The value of reputation.

Today I had the pleasure of speaking to my girlfriend at lunch. I had just sat down at as local pizza buffet when she called. We talked about how her day was going and a few other things. In an effort to make more pleasant conversation, I asked where she was planning to eat lunch. She began to read me of a few menu items from the nearest kitchen. As I heard the items I was able to place her at K-16 the high volume (and sometimes low quality) kitchen at the school. After hearing the menu items I assumed she was going to be eating there.

I then jumped her with several questions. “Why do you eat at those kitchens, there not that good?”. She then informed me that she wasn’t eating there but just checking out the menu. “Why don’t go eat Cuisines of Asia’s or Med’s?” She then gave me some insightful information: “I can’t eat at Med’s.” When I asked her why she told me that she and nearly half of her class had gotten quite sick from food poisoning when eating at the Med’s kitchen. Now the chances of getting food poisoning from a culinary school where students are coming to learn is higher than it would be at a restaurant. Still, to me it seemed like the chances of her getting sick again were still relatively low. That didn’t change her mind though.

I find it absolutely amazing how just one bad experience can ruin a restaurant’s reputation with ease. I find the quality of the food the comes out of these post-extern kitchens fabulous. It is always well presented, well seasoned and great quality. That doesn’t matter. Fabulous food is trumped by one bad review. My girlfriend is a perfect example of that. If she was ever asked whether Med’s was a good kitchen to eat at by a new student she would tell them no. She probably would volunteer that she had gotten sick in order to qualify her point.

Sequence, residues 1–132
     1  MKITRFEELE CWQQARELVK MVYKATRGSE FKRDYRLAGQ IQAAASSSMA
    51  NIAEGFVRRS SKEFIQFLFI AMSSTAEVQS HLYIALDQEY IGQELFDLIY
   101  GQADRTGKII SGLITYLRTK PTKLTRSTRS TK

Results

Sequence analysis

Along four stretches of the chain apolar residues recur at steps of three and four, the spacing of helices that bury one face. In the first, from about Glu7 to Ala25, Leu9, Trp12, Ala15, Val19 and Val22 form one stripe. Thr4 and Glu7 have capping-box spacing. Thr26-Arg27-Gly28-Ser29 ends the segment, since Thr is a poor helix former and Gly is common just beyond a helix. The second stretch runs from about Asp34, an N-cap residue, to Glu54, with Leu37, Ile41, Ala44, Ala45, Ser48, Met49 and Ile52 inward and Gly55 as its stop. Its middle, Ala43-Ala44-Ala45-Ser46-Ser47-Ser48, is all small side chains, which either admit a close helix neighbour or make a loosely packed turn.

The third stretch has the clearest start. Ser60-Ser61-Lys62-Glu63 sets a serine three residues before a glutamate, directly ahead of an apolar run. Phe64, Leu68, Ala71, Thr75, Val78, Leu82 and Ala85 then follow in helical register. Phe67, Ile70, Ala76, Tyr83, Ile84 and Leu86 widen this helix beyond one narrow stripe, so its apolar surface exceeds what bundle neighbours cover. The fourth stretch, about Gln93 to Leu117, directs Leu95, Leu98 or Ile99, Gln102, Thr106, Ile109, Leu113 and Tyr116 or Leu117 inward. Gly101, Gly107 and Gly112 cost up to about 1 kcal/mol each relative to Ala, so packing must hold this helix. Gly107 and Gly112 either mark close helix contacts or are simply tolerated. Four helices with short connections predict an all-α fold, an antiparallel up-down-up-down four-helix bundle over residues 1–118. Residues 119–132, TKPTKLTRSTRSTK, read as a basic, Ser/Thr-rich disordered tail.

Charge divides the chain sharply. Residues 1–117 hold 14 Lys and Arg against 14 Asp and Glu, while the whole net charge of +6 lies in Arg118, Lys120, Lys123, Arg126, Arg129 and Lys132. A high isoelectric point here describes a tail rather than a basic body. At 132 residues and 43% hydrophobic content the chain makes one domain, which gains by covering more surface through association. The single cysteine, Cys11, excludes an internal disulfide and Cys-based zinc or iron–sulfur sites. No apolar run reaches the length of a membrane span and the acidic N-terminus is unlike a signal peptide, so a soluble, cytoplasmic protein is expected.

Now even without eating at this kitchen the student would go around, scared to eat there, telling others the same thing. It is a vicious circle that is extremely hard to fix. It takes minimal momentum to kill a reputation and maximum effort to correct the problem. This is something that has been made clear through school, but hearing it from another person and seeing it action is a fascistic motivator.

Extern Posting Schedule

As many of you know I have now been my externship at the Marriot Marquis. This is a brand-new location the heat of Washington D.C. I will be working on this program for the next 18 weeks. After speaking to the chef he offered me more then 40 hours a week. Keeping that in mind I am going to limit my posts to 4 times a week. You will be able to see daily posts from Monday to Thursday. I will be messing around with more site formatting and hopefully be securing a solid domain name sometime in the near future. I will keep you posted.